Miss Universe 2019: Growing up in Tsolo didn’t stop her from dreaming big

Zozibini Tunzi from Tsolo, a small town in the Eastern Cape, is crowned Miss SA 2019 on Women’s Day at Time Square in Pretoria. Picture: Rosetta Msimango
Zozibini Tunzi from Tsolo, a small town in the Eastern Cape, is crowned Miss SA 2019 on Women’s Day at Time Square in Pretoria. Picture: Rosetta Msimango

Zozibini Tunzi was crowned Miss Universe 2019 on Sunday night. Ntombizodwa Makhoba chatted to her just after she was crowned Miss South Africa in August. This is the interview with her that appeared in City Press on August 11 2019:

After failing to ignite public imagination for years, Miss SA was trending across social media this week when Zozibini Tunzi was crowned the fairest in the land on Friday night.

It might have been her big night but her win was dedicated to the villagers from her town in Tsolo in the Eastern Cape. Tunzi put the tiny town on the map at the glamorous 61st edition of the pageant, held at the Sun Arena at Time Square Casino in Menlyn, Pretoria.

Speaking to City Press yesterday morning, Tunzi said: “Growing up in Tsolo, where opportunities are limited, has never stopped me from dreaming big. I always wanted to do bigger and better things in life. This is something that I’ve wanted for a long time.”

Two years ago she entered Miss SA but made it only to the semifinals. She wrote on her Facebook at the time: “Last night a lot of hearts were broken.” She had failed to make the top 12, but wrote: “Judges pulled me aside and told me I was absolutely outstanding through my journey. Then again, I thought to myself God’s time is perfect.”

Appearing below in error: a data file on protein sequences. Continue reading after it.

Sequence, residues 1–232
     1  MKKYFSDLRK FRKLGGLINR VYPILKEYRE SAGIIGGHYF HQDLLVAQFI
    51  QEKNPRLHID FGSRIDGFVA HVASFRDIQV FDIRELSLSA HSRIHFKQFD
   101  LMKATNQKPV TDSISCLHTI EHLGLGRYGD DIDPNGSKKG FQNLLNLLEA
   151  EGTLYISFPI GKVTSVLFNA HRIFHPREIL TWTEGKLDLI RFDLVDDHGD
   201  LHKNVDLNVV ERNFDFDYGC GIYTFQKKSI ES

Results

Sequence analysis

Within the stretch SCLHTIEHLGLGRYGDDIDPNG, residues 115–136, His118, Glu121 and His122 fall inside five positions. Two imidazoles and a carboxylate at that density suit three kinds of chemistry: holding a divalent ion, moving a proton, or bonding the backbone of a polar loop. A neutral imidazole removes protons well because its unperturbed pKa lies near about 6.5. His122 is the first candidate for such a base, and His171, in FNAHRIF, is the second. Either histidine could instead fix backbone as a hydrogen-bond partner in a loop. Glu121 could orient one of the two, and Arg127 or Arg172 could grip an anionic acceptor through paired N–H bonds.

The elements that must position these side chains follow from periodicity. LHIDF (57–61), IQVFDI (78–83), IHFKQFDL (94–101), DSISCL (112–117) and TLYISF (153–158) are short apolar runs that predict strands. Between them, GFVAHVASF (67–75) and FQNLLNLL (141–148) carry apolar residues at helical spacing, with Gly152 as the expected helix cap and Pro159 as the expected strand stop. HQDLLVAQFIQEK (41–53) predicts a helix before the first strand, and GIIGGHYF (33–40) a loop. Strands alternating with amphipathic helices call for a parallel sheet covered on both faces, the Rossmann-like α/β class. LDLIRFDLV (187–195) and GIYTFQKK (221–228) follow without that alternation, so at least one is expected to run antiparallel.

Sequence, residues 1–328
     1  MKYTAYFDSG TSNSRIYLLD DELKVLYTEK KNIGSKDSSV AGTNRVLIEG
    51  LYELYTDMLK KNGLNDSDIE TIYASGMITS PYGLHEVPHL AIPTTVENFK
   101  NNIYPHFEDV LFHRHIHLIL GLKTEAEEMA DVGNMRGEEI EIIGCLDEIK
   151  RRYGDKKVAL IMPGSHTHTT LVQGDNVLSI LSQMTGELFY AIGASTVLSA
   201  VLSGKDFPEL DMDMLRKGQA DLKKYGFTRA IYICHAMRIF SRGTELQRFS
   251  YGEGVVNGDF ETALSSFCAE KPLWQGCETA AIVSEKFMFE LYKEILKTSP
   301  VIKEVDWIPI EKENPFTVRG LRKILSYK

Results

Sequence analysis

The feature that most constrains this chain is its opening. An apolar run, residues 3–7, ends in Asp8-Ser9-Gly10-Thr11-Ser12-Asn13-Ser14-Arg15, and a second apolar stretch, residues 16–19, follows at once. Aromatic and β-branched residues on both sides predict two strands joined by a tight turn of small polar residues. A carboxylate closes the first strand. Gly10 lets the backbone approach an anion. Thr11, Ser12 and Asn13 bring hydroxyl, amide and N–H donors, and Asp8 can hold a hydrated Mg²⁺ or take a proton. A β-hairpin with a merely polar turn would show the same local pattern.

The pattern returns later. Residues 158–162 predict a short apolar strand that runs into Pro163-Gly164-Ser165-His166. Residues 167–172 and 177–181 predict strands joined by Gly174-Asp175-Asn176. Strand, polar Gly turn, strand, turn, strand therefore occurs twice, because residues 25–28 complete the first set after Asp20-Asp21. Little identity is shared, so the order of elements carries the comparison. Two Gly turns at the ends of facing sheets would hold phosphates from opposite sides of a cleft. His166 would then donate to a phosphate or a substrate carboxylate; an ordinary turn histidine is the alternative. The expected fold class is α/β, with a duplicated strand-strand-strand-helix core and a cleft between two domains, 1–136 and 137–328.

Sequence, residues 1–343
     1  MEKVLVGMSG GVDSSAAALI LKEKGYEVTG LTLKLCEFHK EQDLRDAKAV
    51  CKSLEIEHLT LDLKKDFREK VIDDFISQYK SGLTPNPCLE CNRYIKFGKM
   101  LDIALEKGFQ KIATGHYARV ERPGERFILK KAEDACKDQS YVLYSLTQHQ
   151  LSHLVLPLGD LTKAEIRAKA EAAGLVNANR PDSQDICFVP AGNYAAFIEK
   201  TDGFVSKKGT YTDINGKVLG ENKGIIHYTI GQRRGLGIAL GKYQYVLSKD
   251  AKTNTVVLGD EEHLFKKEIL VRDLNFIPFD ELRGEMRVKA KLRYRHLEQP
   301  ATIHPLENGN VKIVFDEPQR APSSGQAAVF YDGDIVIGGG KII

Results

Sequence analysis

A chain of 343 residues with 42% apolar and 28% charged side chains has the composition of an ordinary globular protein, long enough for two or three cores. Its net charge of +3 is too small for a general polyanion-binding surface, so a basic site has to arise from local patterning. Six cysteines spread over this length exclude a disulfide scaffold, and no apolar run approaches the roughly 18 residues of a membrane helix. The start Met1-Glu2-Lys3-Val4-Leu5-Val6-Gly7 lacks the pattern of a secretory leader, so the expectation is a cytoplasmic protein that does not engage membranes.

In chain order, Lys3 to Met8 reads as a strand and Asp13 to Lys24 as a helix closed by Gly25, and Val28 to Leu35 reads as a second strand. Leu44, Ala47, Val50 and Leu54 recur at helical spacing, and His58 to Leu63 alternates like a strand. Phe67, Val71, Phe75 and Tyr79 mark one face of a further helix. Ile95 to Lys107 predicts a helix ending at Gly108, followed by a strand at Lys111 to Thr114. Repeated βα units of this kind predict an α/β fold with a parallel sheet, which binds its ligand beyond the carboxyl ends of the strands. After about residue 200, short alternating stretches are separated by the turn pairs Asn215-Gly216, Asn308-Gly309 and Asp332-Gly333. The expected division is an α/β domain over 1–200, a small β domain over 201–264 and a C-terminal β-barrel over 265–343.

And on Friday night her time came.

The 25-year-old, who is completing her B-Tech in public relations from the Cape Peninsula University of Technology, described herself as someone who was shy and reserved when growing up, but that did not stop her from entering beauty pageants.

To overcome her fears, she said, she had to do a lot of public speaking and became involved in school debating to force herself out of her shell.

No small part of why her win is so important to her is that she was crowned on Women’s Day.

“It was just a perfect day. On this day in 1956 thousands of women from all different walks of life staged a march to the Union Buildings to fight for women’s rights. They were not doing this only for themselves, but for future generations.

“Now, as the new generation, we have to finish where they left off,”she said.

When asked for her views on #MenAreTrash and violence against women and children, she said this was a subject close to her heart. “It’s horrible times in South Africa right now; women and children are killed every day. This needs to change. It is the perpetrators’ responsibility to change.”

On social media many questioned her trademark hairstyle for being so basic and natural, but she said it was a conscious decision.

“I had a choice to wear a wig or weave – and, by the way, it looks good on me – but I wanted to show other young women they can be whatever they want to be.”


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